Growing up in San Francisco with three siblings, Steve recounts how everyone in his family had summer jobs—washing cars, mowing lawns, delivering newspapers—working from eighth grade through high school. As a student at Archbishop Riordan High School, he remembers walking into the gym and encountering large bold letters stenciled on the wall: “A winner never quits, a quitter never wins.” The quote stuck with him and he strives to exemplify the sentiment. Case in point, he recently opened Scott’s Chowder House in San Jose despite the current challenges facing the restaurant industry.
Steve’s strong work ethic persisted through college at UC Berkeley where he helped pay for school by working the midnight shift at UPS. He kept at the full-time work and school routine as a young CPA, also earning his MBA from Cal. “I obviously didn’t sleep much,” he acknowledges.
In his book, The Toughest Guy I Ever Knew, Steve weaves together lessons about business and life. Including selections about legends such as Vince Lombardi, Steve Jobs, Johnny Cash and Rosa Parks, he also shares advice gleaned from his father David Mayer, a veteran and San Francisco police officer who inspired the title of the book. Steve recalls many family dinners with his father in uniform while on a break from walking his neighborhood beat. Another chapter describes the night Steve played high school football alongside Bill Blanchard, who was tragically paralyzed in the game. The principal’s advice that what matters most is not what you do for Bill in the next few weeks but over the long haul became a call to action for Steve. As a result, he stuck by Bill’s side until his recent passing.
Taking his initiative further, Steve hopes to make an impact by promoting free financial literacy in schools through his foundation, 5 Buckets 4 Shovels. The foundation is named after Steve’s book 5 Buckets, 4 Shovels, a Beach and a Map, a practical guide in which he gives simple tools and advice for achieving financial security. In another recent book, he targets financial literacy for the younger generation. “People would tell me they wish they had a book to give them basics of personal finance when they were in high school,” says Steve. He answered the call with Adulting 101: A Guide to Personal Finance, which covers everything from getting a car loan to investing in stocks and creating a budget.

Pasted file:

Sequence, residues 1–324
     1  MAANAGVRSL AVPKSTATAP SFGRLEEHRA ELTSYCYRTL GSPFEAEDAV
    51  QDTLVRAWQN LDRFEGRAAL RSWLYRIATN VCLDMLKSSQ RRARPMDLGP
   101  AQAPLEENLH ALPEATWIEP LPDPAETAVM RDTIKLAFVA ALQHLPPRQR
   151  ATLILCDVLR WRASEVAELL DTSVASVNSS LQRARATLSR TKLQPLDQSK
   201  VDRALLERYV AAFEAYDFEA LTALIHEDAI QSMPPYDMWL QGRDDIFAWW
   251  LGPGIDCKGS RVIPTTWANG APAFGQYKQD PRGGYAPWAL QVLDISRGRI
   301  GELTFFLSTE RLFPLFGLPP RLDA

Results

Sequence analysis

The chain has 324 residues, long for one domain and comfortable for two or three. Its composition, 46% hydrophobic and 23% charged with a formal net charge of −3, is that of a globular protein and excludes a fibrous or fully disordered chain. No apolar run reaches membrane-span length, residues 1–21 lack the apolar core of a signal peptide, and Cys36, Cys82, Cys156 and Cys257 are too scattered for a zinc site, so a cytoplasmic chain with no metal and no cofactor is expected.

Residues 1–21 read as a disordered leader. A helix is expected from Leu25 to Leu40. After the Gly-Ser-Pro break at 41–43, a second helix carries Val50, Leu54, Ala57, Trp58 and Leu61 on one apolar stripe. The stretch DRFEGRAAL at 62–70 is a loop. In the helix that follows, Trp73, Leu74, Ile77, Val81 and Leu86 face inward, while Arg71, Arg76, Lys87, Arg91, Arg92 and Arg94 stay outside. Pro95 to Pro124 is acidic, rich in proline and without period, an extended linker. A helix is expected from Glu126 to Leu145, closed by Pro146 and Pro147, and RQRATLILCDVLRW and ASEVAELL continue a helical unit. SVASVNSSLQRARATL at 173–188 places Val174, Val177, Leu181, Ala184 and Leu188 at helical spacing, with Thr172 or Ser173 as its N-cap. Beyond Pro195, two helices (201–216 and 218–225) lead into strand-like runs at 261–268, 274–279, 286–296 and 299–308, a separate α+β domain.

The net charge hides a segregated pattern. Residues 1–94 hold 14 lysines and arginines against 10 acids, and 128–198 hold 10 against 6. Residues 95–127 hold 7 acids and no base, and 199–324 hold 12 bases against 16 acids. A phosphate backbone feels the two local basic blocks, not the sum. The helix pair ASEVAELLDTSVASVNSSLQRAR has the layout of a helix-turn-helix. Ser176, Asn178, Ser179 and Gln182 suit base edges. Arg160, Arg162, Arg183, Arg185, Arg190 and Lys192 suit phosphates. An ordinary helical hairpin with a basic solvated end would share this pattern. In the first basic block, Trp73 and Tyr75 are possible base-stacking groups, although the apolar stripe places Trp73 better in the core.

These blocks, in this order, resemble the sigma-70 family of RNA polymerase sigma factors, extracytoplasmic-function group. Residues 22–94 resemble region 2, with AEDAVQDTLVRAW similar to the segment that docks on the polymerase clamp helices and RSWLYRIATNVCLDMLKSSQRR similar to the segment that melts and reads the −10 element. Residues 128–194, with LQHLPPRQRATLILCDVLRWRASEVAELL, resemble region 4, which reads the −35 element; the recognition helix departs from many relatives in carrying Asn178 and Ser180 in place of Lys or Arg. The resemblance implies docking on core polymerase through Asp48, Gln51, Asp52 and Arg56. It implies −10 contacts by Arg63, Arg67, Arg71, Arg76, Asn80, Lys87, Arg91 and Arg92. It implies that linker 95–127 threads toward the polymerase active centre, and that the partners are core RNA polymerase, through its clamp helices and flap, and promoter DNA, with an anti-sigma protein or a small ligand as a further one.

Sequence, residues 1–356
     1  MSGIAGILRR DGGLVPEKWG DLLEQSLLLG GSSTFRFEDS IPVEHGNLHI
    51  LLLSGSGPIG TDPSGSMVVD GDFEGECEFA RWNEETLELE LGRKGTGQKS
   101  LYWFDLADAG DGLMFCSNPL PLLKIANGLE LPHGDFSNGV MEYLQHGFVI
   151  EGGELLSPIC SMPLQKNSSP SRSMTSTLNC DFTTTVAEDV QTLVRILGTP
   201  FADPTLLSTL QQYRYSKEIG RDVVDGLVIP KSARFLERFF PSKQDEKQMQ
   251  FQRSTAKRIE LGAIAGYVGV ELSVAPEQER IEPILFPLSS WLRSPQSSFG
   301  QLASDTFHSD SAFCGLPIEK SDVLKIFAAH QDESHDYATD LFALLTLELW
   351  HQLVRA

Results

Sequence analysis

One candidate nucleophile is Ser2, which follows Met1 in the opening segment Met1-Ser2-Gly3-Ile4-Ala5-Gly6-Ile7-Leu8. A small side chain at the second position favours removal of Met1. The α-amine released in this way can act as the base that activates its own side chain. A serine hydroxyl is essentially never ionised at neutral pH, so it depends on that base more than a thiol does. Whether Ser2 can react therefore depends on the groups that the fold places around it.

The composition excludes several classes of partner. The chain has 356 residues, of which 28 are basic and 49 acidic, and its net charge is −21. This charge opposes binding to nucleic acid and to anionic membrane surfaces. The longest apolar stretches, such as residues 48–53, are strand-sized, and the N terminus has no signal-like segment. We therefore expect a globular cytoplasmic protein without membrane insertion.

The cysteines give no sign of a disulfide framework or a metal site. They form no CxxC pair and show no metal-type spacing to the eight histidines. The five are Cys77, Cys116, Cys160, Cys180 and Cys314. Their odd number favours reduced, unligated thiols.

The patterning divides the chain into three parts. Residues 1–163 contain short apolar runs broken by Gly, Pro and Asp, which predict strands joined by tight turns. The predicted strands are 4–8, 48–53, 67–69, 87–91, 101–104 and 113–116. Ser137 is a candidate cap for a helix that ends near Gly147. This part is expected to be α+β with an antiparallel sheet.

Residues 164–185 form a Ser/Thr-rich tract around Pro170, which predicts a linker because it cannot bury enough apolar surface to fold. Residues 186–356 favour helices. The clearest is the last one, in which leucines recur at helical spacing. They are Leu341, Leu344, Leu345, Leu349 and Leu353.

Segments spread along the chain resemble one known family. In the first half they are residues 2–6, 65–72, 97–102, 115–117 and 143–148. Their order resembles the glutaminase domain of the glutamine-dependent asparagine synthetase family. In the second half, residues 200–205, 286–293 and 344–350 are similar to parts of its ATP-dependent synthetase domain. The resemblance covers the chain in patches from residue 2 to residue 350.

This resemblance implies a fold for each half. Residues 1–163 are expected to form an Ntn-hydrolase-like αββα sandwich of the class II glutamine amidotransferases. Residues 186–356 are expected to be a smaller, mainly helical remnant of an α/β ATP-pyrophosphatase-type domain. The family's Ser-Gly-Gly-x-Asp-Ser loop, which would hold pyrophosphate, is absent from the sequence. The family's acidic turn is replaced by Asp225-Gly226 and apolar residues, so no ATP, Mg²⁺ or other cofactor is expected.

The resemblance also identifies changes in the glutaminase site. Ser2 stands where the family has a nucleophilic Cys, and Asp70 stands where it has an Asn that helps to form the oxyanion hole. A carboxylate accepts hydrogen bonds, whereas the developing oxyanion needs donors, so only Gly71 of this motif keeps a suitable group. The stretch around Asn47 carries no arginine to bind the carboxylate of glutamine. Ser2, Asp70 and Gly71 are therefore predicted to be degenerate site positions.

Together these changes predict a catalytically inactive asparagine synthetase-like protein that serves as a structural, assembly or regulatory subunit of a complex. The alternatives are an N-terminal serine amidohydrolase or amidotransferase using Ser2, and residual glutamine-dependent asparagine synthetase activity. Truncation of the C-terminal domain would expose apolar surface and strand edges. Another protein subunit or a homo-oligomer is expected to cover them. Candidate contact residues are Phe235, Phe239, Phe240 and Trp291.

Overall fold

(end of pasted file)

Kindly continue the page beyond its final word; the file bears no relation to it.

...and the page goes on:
Steve credits his wife Patty and three grown children, Dylan, Kenzie and Nicola, with providing support for his many endeavors. In their San Mateo neighborhood, the Mayer house is known for the most elaborate Christmas light display every year and the family applies the same enthusiasm to local schools, nonprofits and sports teams. When Steve made the difficult decision to leave the CPA firm he founded to start his next company, he compounded the challenge by training for an Ironman Triathlon at the same time. Training up to 30 hours a week and working full-time, he began to doubt he could complete the event. It was Patty who convinced him that he had trained hard enough and he pushed himself to cross the finish line.
After proving his Ironman mettle at 60, Steve doesn’t plan to do another Ironman—although he might consider a half. He continues his annual backpacking trips in the
Sierra, which he has done for the last 45 years, having traversed 3,500 miles over 375 nights. Moreover, his internal moral compass continues to guide him successfully through any bumps and curves on life’s trail. With a nod to former UCLA basketball coach John Wooden, he can’t resist sharing a final influential quote. “What’s important is what you do when no one is watching,” he imparts with a smile.